Numbers 22:17
For I will promote thee unto very great honour, and I will do whatsoever thou sayest unto me: come therefore, I pray thee, curse me this people.
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22:15-21 A second embassy was sent to Balaam. It were well for us, if we were as earnest and constant in prosecuting a good work, notwithstanding disappointments. Balak laid a bait, not only for Balaam's covetousness, but for his pride and ambition. How earnestly should we beg of God daily to mortify such desires in us! Thus sinners stick at no pains, spare no cost, and care not how low they stoop, to gratify their luxury, or their malice. Shall we then be unwilling to do what is right? God forbid! Balaam's convictions charged him to keep to the command of God; nor could any man have spoken better. But many call God theirs, who are not his, not truly because not only his. There is no judging men by their words; God knows the heart. Balaam's corruptions at the same time inclined him to go contrary to the command. He seemed to refuse the temptation; but he expressed no abhorrence of it. He had a strong desire to accept the offer, and hoped that God might give him leave to go. He had already been told what the will of God was. It is a certain evidence of the ruling of corruption in the heart, to beg leave to sin. God gave Balaam up to his own heart's lusts. As God sometimes denies the prayers of his people in love, so sometimes he grants the desires of the wicked in wrath.Balak, like the ancient pagan world generally, not only believed in the efficacy of the curses and incantations of the soothsayers, but regarded their services as strictly venal. Hence, when his first offer was declined, he infers at once that he had not bid high enough. 13-15. the Lord refuseth to give me leave to go with you—This answer has an appearance of being good, but it studiously concealed the reason of the divine prohibition [Nu 22:12], and it intimated his own willingness and desire to go—if permitted. Balak despatched a second mission, which held out flattering prospects, both to his avarice and his ambition (Ge 31:30). Before he wrought upon his covetousness, now upon his ambition.

For I will promote thee unto very great honour,.... In his court, by making him some great officer there, perhaps his prime minister; so that as before he laid a bait for his covetousness, sending him large presents, and rewards of divination; here, for his pride and ambition, promising him court preferment; though Aben Ezra interprets it of mammon or riches, of which he could give him an immense sum: "in honouring I will exceedingly honour thee" (f); or load thee with wealth and riches; and so Balaam seems to understand it, since in his answer he says, "if Balak would give me his house full of silver and gold"; both civil honour and worldly wealth may be taken into the account, since they are both heavy and weighty things, and very desirable and ensnaring:

and I will do whatsoever thou sayest unto me; give him what money he should ask of him, put him into whatsoever place and office he should desire; and though he was a sovereign prince, would be at his beck and command, and do whatever he should direct him to do in his kingdom, as well as in what concerned the affair of cursing Israel; as we find he afterwards did, with respect to sacrifices and rites relative thereunto:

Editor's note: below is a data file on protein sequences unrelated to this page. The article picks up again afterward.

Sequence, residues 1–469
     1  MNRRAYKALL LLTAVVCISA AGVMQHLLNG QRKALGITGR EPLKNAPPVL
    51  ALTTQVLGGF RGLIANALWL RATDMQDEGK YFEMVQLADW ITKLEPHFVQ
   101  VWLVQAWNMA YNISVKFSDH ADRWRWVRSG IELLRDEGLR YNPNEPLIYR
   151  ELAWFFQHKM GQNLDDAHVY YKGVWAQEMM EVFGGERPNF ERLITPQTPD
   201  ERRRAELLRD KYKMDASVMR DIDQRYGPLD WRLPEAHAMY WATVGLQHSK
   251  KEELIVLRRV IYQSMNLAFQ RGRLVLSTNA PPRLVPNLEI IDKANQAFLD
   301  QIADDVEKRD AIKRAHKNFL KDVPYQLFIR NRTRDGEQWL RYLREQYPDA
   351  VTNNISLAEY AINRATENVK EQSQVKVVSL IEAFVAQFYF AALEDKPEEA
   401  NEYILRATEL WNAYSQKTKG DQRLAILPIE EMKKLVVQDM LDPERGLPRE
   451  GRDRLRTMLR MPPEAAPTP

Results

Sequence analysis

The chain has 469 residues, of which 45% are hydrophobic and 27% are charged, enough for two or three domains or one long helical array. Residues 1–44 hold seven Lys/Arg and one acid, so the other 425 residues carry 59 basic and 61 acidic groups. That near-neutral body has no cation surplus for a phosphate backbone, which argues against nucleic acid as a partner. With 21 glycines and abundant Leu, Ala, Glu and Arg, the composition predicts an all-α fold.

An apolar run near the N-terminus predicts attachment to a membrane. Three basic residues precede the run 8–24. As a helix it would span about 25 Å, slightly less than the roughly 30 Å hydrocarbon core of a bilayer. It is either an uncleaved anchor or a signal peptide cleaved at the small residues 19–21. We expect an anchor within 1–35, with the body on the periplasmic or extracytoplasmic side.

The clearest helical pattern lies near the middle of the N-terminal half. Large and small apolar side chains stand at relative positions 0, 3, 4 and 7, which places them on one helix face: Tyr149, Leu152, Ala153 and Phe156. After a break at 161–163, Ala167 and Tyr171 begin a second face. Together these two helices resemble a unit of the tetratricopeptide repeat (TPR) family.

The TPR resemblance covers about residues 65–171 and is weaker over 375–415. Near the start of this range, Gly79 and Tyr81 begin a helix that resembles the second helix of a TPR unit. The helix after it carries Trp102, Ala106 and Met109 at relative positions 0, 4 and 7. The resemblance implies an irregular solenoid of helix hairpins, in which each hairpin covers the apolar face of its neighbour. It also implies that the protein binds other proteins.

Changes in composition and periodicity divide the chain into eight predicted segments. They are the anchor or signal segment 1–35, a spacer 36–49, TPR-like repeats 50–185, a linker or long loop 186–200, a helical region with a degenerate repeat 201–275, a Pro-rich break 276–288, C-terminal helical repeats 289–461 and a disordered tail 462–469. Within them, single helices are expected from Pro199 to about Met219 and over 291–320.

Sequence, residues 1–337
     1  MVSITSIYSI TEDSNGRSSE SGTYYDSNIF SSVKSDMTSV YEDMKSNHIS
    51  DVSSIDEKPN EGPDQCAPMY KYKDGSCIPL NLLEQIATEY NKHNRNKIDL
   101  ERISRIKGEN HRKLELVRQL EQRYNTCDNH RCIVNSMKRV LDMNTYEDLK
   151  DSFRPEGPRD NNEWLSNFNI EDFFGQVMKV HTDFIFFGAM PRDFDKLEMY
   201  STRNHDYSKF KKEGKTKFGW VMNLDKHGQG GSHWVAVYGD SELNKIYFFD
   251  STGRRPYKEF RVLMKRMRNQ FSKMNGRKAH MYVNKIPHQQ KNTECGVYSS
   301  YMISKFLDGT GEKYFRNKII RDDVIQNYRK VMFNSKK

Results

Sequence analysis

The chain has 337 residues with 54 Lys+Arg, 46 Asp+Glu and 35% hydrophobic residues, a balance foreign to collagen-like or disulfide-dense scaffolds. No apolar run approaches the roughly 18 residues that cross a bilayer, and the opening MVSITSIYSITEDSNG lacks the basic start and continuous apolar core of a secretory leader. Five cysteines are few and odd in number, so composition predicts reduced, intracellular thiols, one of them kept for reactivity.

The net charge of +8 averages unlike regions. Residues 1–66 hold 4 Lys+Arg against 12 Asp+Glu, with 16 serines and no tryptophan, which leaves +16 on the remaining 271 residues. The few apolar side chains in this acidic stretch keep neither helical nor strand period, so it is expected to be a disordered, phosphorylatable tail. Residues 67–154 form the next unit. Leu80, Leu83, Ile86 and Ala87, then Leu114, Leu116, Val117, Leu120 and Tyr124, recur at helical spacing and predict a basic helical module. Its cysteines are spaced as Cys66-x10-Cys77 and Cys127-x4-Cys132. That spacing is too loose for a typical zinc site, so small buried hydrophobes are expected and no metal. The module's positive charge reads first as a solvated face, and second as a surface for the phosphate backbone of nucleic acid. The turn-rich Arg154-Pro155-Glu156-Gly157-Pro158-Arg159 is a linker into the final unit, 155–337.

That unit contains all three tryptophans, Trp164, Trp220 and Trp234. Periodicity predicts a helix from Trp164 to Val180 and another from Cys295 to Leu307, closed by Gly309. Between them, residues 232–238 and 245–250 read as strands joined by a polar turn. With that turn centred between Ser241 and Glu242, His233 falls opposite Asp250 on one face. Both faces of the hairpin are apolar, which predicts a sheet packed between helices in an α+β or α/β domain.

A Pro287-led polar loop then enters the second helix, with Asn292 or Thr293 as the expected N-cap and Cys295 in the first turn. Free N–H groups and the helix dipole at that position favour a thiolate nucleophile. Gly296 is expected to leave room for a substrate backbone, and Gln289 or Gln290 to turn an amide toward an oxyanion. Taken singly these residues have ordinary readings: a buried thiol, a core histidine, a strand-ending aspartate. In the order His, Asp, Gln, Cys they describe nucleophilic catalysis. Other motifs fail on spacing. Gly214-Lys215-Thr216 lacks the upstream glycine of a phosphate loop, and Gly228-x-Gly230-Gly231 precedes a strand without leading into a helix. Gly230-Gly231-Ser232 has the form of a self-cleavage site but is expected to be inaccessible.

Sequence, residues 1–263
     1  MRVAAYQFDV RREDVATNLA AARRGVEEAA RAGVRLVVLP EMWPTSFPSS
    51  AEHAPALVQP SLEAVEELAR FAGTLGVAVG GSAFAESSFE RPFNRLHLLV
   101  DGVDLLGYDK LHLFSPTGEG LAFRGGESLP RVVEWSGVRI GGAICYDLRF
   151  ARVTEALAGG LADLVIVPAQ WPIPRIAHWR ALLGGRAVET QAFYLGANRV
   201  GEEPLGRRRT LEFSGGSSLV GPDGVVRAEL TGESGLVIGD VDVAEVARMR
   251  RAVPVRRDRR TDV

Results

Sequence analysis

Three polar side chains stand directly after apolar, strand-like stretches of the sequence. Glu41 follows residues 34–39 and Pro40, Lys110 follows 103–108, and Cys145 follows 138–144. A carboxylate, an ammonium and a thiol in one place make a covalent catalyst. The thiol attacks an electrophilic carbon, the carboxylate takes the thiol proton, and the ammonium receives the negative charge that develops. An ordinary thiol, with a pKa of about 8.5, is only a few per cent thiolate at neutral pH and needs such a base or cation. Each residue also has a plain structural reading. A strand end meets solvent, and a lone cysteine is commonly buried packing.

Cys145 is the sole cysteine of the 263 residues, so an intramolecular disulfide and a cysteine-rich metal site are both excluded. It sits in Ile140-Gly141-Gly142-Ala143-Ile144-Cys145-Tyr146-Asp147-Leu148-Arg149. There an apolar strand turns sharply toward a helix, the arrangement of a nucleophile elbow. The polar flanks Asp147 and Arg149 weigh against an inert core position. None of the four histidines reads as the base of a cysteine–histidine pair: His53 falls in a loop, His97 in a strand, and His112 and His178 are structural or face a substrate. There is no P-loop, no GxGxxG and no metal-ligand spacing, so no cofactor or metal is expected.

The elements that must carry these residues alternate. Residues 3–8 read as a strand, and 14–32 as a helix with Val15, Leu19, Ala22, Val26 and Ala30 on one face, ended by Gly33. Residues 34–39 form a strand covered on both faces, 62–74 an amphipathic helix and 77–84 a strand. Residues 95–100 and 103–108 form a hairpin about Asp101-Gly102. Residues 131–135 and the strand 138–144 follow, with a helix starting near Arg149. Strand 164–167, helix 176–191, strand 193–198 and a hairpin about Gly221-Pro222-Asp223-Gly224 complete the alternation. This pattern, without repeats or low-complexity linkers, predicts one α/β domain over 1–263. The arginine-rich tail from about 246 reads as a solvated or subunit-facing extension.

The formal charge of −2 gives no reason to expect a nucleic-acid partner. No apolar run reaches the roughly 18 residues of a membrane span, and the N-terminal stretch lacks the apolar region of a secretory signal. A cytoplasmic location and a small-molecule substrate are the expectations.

come therefore, I pray thee, curse me this people; renewing the request made in the first embassy with great importunity, Numbers 22:6 but using here a different word for "cursing"; there, as Munster observes, the word signifies to curse lightly; here, to blaspheme and utterly devote to ruin; to which may be added, to curse expressly and by name, to pierce through and through, to deprive of all benefits, and to destroy utterly.

(f) "honorando honorabo te valde", Pagninus, Montanus, Piscator.

For I will promote thee unto very great honor, and I will do whatsoever thou sayest unto me: come therefore, I pray thee, curse me this people.
17. I will promote thee unto very great honour] I will surely honour thee exceedingly. The expression does not imply that Balaam would be appointed to a high office, but only that the king would shew him great respect and reward him liberally.

Numbers 22:17The answer with which Balaam had sent the Moabitish messengers away, encouraged Balak to cherish the hope of gaining over the celebrated soothsayer to his purpose notwithstanding, and to send an embassy "of princes more numerous and more honourable than those," and to make the attempt to overcome his former resistance by more splendid promises; whether he regarded it, as is very probable, "as the remains of a weakly fear of God, or simply as a ruse adopted for the purpose of obtaining better conditions" (Hengstenberg). As a genuine heathen, who saw nothing more in the God of Israel than a national god of that people, he thought that it would be possible to render not only men, but gods also, favourable to his purpose, by means of splendid honours and rich rewards.

(Note: Compare the following remarks of Pliny (h. n. xxviii. 4) concerning this belief among the Romans: "Verrius Flaccus auctores ponit, quibus credat, in oppugnationibus ante omnia solitum a Romanis sacerdotibus evocari Deum, cujus in tutela id oppidum esset, promittique illi eundem aut ampliorem apud Romanos cultum. Et durat in Pontificum disciplina id sacrum, constatque ideo occultatum, in cujus Dei tutela Roma esset, ne qui hostium simili modo agerent;" - and the further explanations of this heathen notion in Hengstenberg's Balaam and his Prophecies.)

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